(Continued from previous page)
Homeowners may be required to clear snow off sidewalks
by Theodore Kim
Gazette Staff Writer
Jan. 24, 2001
Ah, the arduous winter ritual that aches the muscles and reddens the nose.
If Montgomery County lawmakers have their way, that age-old task may become the law.
The County Council is considering a bill that would require all property owners -- including those in single-family homes -- to clear away snow and ice from public walkways and parking areas that border their property.
Violators would be given a warning first, then fined $50 if the snow is not cleared within 24 hours. In addition, failure to plow blocked handicapped parking spaces would carry a $100 penalty. It has not been decided which county agency would enforce the ordinance.
If approved by the council, the bill would expand a current county law that requires businesses and multifamily complexes to clear paths between building entrances, parking areas and bus stops.
County Councilman Philip M. Andrews -- co-sponsor of the legislation along with Councilmen Isiah Leggett and Steven A. Silverman -- said the ordinance would protect pedestrians who are often forced to walk on the street because of snow- and ice-clogged walkways.
Andrews (D-Dist. 3) of Gaithersburg said he did not know how many pedestrians had been injured or killed this winter because of snow-covered sidewalks. Last year, 16 people died in pedestrian-related traffic accidents, according to county police statistics.
"It's not meant to be a heavy-handed law," Andrews said Monday. But if snow removal is "voluntary, results are usually spotty at best."
He said many municipalities (Rockville, Gaithersburg, Takoma Park, Poolesville, Chevy Chase Village) and neighboring jurisdictions (Prince George's and Howard counties, Washington, D.C.) already have similar laws on the books.
"Montgomery County is playing catch-up," Andrews said Tuesday at a news conference in the Rockville council building. "We're not the leaders here."
Leggett (D-At large) of Burtonsville agreed, calling the bill "long overdue."
"This is a matter of safety," he said.
Under the legislation:
*Penalties for homeowners would be limited to one per snowfall so vacationing residents do not return home to a mountain of fines.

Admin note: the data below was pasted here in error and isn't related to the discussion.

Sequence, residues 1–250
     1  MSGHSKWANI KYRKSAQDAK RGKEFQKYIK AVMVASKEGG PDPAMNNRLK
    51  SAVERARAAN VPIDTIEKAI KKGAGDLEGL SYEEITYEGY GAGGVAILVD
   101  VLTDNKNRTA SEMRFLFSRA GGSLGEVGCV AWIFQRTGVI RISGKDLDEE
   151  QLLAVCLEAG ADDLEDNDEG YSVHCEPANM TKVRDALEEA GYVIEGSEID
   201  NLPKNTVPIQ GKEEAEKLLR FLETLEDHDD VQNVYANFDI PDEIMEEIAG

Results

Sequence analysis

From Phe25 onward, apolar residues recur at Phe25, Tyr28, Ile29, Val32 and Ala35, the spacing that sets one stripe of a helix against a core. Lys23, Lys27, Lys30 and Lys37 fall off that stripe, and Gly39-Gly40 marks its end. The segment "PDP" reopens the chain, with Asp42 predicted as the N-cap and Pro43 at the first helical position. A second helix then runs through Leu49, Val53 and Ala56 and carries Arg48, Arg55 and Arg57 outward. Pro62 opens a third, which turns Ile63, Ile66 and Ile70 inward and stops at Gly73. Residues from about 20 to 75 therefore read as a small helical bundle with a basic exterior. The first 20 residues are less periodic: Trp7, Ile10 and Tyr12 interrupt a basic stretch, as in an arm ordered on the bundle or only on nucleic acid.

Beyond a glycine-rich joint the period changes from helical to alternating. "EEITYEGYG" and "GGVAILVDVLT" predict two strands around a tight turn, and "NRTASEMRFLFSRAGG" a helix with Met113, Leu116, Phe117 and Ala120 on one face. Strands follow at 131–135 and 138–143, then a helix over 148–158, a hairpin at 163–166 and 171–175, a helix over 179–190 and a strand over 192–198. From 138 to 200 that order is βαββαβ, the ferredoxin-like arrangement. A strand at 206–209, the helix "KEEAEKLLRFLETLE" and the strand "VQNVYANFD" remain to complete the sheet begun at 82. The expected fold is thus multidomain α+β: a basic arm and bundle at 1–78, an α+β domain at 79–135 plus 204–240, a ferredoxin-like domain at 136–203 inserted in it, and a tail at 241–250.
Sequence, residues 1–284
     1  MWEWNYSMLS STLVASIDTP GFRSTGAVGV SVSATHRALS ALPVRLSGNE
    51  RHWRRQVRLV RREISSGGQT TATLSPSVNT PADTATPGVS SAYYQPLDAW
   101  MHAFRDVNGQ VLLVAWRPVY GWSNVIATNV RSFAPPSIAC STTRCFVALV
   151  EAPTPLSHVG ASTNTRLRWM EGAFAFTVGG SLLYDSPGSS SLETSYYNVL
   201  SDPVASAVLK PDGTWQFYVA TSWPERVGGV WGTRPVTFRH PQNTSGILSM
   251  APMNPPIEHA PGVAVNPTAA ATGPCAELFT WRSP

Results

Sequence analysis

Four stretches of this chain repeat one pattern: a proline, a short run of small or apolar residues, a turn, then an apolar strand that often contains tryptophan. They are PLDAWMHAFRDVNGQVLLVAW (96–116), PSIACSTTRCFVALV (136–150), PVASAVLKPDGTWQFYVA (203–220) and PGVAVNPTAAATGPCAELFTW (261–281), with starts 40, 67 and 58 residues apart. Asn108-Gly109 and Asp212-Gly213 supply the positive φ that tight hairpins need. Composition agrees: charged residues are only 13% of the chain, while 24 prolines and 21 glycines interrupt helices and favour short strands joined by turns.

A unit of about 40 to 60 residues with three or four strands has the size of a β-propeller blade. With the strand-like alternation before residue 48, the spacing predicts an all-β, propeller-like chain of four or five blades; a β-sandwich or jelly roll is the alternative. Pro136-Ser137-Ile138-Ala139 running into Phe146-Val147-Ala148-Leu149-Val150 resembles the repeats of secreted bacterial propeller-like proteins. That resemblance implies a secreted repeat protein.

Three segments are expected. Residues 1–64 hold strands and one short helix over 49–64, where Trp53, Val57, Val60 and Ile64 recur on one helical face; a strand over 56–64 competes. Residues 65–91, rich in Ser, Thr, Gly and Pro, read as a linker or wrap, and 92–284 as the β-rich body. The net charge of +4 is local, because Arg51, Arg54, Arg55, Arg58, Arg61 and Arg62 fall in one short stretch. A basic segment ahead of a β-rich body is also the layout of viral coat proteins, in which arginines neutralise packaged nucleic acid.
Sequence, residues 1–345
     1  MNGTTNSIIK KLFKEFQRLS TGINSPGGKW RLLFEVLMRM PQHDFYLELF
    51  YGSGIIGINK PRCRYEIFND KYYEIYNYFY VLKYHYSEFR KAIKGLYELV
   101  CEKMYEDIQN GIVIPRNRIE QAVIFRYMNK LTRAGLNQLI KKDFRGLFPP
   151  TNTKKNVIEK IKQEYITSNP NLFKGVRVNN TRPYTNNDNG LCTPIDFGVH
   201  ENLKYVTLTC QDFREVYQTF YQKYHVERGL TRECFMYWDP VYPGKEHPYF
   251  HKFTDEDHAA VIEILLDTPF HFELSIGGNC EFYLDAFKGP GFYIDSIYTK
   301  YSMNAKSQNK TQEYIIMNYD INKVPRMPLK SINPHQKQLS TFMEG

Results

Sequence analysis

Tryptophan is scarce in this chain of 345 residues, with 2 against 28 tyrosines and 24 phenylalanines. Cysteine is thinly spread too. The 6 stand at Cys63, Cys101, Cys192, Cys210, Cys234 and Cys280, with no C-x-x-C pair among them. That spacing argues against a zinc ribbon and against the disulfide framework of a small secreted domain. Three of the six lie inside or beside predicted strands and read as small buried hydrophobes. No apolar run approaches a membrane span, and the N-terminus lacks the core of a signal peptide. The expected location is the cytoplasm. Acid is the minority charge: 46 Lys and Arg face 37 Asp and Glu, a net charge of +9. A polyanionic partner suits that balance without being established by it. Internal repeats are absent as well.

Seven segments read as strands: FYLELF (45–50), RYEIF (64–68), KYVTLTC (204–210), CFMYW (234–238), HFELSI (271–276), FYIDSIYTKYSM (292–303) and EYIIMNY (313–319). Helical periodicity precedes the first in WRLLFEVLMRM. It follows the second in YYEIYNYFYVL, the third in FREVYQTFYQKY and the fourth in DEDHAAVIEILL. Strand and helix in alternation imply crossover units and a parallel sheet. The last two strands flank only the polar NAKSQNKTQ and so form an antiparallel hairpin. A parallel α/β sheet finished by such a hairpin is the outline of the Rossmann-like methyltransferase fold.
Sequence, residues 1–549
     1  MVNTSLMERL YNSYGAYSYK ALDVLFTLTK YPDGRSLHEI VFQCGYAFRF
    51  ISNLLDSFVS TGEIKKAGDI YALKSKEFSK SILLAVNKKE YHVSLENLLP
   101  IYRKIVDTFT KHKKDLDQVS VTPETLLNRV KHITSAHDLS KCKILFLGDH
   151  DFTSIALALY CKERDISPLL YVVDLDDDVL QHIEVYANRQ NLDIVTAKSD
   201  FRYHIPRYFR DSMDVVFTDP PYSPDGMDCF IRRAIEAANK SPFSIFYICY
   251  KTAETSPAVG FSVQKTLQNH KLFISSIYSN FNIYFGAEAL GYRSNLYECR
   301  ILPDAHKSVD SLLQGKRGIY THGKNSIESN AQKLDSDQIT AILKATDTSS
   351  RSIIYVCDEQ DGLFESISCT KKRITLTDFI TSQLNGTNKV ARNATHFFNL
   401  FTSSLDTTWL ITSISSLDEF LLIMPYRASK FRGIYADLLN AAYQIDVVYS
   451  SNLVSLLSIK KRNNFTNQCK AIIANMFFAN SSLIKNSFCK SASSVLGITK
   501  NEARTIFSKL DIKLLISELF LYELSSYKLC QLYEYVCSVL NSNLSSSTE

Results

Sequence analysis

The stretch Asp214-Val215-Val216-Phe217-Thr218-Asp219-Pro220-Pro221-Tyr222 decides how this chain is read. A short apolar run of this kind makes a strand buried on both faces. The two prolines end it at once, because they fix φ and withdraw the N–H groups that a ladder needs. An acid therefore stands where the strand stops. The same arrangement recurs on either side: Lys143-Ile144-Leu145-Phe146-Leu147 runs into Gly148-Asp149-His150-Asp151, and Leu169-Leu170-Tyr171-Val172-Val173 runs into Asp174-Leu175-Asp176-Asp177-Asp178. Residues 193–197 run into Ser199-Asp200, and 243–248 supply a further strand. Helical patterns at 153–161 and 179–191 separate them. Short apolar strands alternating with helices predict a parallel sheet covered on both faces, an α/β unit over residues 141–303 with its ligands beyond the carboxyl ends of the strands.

*The county executive, in the event of a massive snowstorm or disastrous situation, would be able to extend the 24-hour clearing period.
*If plows reblanket the sidewalks with snow, homeowners would have another 24 hours to dig out.
*For hardened snow and ice that is difficult to remove, residents would be allowed to spread sand, salt or other abrasives.
Andrews said the county may set up a pool of volunteers or workers to aid elderly, disabled and other residents who would be unable to comply with the ordinance. That proposal, however, is still on the drawing board and not a part of the bill.
For now, the legislation seems to carry broad support from school officials, civic groups and organizations representing people with disabilities.
Gail Melson, a delegate for the County Council of Parent Teacher Associations, said that until she can electronically beam her kids to school, "I will continue to support laws that improve pedestrian safety."
Judith Docca, principal of Argyle Middle School in Silver Spring, said about 300 of her students walk to school every day. Many of them walk along Bel Pre Road, a bustling thoroughfare whose sidewalks often remain unplowed, she said.
"That's a danger for students who aren't paying attention to how fast the cars are whizzing by," Docca said at the news conference.
Gaithersburg resident Cynthia Buddington, a member of the county Commission on People with Disabilities, said the ordinance would greatly aid wheelchair users. She said even a glaze of snow or ice on sidewalks makes maneuvering difficult.
"When you're in a wheelchair, you really can't go through snow and ice," she said. "It limits where you can go in the community. Sometimes, you're just stuck."
(Continued on next page)